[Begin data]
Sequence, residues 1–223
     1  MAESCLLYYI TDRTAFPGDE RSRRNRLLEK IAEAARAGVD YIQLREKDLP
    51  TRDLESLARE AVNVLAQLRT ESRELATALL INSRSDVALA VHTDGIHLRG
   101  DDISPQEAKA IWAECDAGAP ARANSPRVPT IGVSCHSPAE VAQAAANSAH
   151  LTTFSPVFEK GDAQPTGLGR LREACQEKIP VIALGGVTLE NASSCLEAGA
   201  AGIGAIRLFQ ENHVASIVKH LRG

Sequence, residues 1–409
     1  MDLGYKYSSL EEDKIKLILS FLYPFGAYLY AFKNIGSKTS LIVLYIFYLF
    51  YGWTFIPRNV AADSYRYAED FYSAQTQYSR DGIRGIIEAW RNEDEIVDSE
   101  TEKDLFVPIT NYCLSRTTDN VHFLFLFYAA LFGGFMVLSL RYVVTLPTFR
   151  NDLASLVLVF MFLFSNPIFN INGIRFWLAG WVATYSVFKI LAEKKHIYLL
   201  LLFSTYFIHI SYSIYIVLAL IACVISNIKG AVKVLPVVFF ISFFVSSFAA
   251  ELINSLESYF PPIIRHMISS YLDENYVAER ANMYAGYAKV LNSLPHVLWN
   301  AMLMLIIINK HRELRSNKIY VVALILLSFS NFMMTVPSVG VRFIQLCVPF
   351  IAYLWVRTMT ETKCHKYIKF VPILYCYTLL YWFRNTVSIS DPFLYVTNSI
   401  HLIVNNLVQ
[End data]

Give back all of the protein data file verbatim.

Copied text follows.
Sequence, residues 1–223
     1  MAESCLLYYI TDRTAFPGDE RSRRNRLLEK IAEAARAGVD YIQLREKDLP
    51  TRDLESLARE AVNVLAQLRT ESRELATALL INSRSDVALA VHTDGIHLRG
   101  DDISPQEAKA IWAECDAGAP ARANSPRVPT IGVSCHSPAE VAQAAANSAH
   151  LTTFSPVFEK GDAQPTGLGR LREACQEKIP VIALGGVTLE NASSCLEAGA
   201  AGIGAIRLFQ ENHVASIVKH LRG

Sequence, residues 1–409
     1  MDLGYKYSSL EEDKIKLILS FLYPFGAYLY AFKNIGSKTS LIVLYIFYLF
    51  YGWTFIPRNV AADSYRYAED FYSAQTQYSR DGIRGIIEAW RNEDEIVDSE
   101  TEKDLFVPIT NYCLSRTTDN VHFLFLFYAA LFGGFMVLSL RYVVTLPTFR
   151  NDLASLVLVF MFLFSNPIFN INGIRFWLAG WVATYSVFKI LAEKKHIYLL
   201  LLFSTYFIHI SYSIYIVLAL IACVISNIKG AVKVLPVVFF ISFFVSSFAA
   251  ELINSLESYF PPIIRHMISS YLDENYVAER ANMYAGYAKV LNSLPHVLWN
   301  AMLMLIIINK HRELRSNKIY VVALILLSFS NFMMTVPSVG VRFIQLCVPF
   351  IAYLWVRTMT ETKCHKYIKF VPILYCYTLL YWFRNTVSIS DPFLYVTNSI
   401  HLIVNNLVQ